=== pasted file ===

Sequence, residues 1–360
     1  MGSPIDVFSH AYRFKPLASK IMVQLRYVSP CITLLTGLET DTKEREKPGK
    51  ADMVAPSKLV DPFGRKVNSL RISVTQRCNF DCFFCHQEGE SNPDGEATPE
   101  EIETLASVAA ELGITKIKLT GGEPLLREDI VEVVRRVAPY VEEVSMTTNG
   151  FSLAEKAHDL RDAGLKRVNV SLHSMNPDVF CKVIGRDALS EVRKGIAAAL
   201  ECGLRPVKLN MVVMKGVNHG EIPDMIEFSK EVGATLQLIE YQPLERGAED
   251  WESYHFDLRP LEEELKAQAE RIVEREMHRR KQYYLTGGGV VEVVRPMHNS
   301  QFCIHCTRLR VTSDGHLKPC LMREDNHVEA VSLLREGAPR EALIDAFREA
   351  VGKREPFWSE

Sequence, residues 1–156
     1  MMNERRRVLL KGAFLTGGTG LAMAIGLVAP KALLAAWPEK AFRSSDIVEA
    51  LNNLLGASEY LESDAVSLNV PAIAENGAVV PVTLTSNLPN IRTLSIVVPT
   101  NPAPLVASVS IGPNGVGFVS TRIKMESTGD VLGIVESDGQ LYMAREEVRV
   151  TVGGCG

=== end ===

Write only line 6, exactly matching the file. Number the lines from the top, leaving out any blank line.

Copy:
   201  ECGLRPVKLN MVVMKGVNHG EIPDMIEFSK EVGATLQLIE YQPLERGAED